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H. Pylori Diagnosis

Updated on February 12, 2012
H. Pylori Bacteria
H. Pylori Bacteria

How do I know if I have H. Pylori?

H. Pylori infects 1 person out of every 2. Odds are that you have H. Pylori or know someone that does. Most infected individuals have no problems at all, however a few people will experience some very uncomfortable side effects. The frequency and severity of side effects differs greatly from person to person but can include things such as:

  • Trouble breathing or swallowing
  • Heartburn or acid reflux lasting extended periods of time
  • Dull or sharp stomach pain
  • Stomach cancer
  • And numerous others
  • Peptic ulcer

The reason that the H. Pylori infection rate is so high is that it is easily passed through contact with saliva or fecal matter. Mothers can even pass H. Pylori to their children before they are born. How do you find out if your symptoms are a result of H. Pylori? There are 4 different tests that can be done. Those that experience any symptoms should seek H. Pylori treatment.

H. Pylori Urea Breath Test
H. Pylori Urea Breath Test

H. Pylori Urea Beath Test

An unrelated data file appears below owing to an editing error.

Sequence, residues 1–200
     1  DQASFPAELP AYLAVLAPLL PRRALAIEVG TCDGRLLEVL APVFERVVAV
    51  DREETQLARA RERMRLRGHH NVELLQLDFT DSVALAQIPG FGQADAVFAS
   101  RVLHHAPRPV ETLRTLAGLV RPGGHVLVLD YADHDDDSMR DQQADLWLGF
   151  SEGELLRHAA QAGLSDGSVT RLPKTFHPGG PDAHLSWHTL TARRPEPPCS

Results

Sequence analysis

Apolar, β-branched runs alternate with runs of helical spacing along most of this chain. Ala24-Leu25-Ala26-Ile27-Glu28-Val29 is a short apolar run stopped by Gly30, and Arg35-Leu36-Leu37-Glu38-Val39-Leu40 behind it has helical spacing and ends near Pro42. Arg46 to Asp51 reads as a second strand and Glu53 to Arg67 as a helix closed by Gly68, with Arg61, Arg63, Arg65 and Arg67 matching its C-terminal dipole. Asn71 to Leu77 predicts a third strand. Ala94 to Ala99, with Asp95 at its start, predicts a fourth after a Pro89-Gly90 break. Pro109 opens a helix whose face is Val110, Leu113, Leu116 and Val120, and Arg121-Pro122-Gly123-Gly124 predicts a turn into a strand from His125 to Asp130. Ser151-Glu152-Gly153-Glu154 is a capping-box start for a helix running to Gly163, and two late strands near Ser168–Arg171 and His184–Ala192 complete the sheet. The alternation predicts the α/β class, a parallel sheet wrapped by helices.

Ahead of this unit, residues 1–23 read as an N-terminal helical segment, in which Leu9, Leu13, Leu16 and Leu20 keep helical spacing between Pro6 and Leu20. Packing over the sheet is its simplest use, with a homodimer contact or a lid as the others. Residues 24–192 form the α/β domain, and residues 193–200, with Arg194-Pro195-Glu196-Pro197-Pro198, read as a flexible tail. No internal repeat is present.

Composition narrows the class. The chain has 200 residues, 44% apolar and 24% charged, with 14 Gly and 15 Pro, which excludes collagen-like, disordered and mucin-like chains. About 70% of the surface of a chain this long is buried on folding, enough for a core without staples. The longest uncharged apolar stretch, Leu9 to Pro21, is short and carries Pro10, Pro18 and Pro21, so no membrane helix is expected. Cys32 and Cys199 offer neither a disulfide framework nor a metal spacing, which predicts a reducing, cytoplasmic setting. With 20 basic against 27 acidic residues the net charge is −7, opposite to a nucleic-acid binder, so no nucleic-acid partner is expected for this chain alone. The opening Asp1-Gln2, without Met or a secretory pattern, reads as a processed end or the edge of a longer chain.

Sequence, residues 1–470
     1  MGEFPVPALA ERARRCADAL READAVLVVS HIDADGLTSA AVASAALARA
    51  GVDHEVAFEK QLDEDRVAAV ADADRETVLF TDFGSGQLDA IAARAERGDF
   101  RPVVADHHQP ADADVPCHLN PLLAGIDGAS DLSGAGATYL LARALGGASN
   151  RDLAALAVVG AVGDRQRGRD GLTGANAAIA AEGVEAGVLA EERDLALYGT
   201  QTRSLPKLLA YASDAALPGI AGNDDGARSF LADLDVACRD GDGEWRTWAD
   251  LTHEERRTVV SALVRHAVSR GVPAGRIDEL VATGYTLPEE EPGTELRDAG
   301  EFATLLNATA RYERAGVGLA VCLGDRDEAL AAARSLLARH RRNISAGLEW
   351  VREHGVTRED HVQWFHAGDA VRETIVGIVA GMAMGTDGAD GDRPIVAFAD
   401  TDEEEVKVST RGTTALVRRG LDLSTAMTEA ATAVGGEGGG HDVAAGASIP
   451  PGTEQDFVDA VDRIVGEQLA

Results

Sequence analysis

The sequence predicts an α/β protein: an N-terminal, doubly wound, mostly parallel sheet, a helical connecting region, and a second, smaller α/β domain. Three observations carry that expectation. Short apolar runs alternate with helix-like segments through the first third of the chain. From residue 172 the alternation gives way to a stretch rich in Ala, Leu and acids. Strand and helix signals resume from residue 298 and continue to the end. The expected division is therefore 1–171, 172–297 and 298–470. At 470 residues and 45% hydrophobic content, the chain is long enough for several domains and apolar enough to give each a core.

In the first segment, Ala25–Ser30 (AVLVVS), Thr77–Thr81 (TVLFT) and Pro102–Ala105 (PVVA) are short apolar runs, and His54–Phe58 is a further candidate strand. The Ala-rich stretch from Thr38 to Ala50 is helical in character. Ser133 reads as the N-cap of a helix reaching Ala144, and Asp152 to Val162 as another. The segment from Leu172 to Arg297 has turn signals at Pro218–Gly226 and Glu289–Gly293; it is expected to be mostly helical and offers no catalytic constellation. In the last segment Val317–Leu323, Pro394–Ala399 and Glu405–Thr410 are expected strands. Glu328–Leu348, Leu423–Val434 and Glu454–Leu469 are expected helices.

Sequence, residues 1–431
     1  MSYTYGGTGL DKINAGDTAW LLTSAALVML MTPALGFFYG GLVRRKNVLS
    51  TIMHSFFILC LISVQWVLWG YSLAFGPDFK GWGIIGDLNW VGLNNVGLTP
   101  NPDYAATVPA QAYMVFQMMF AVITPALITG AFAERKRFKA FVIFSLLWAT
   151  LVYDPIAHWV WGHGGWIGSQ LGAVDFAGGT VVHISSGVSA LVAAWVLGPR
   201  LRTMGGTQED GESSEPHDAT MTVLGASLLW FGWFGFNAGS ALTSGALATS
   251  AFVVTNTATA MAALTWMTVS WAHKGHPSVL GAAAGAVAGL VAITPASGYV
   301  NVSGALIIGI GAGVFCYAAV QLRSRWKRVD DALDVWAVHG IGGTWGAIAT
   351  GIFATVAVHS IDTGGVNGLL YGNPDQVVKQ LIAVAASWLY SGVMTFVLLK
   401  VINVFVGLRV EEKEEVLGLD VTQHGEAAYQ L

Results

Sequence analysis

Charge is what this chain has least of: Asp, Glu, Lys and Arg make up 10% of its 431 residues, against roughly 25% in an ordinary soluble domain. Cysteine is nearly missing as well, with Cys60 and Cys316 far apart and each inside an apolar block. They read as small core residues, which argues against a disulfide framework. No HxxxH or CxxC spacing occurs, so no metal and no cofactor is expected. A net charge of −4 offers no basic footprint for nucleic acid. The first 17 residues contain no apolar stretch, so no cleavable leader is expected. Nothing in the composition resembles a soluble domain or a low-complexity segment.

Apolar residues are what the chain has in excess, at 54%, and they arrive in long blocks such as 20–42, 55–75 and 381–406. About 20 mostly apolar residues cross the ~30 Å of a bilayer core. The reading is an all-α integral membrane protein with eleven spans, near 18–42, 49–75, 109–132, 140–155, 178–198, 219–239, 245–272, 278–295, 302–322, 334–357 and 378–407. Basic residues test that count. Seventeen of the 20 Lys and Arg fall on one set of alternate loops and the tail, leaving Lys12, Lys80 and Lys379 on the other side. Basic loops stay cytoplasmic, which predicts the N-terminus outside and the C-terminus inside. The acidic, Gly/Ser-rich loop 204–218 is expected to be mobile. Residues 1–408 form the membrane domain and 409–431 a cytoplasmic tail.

This is the easiest, least invasive and most accurate method of testing for H. Pylori infection. The patient swallows a harmless pill filled with radioactive urea. 10-20 minutes later, a breath test is administered to test for the presence of radioactive carbon dioxide. If radioactive carbon dioxide is found, it means that the patient currently has an active H. Pylori infection and should seek treatment. The reason this test works is that when H. Pylori comes in contact with the urea it breaks it down and emits carbon dioxide. The urea breath test is also administered after the use of antibiotics to determine if they have successfully eradicated the H. Pylori bacteria.

Be sure not to eat or drink anything except for water before your test as this can obscure the results. Not knowing I would be tested, I had a Coke before going to the doctor and they needed to do a (painful) blood draw instead.

H. Pylori Blood Test
H. Pylori Blood Test

H. Pylori Blood Antibodies Test

This H. Pylori testing method uses a sample of blood to determine if you are currently infected. The blood sample is tested for H. Pylori antibodies, which your body naturally produces if you have the bacteria. This test should not be used to check if a treatment was effective as the antibodies can remain in your blood stream for many years after infection.

Biopsied Tissue On a Slide
Biopsied Tissue On a Slide

H. Pylori Endoscopy Test

While this test is the most invasive option, it also helps the doctor to evaluate the severity of the peptic ulcer commonly caused by H. Pylori infection. A flexible tube (endoscope) is inserted through the mouth and down into the stomach. The endoscope gives the doctor a live view of the inside of your stomach where they then take a biopsy. The biopsy is placed on a slide and a urea test is performed, not unlike the one described above.If the test is positive, the area on the slide directly surrounding the biopsied tissue will change color.

H. Pylori Stool Test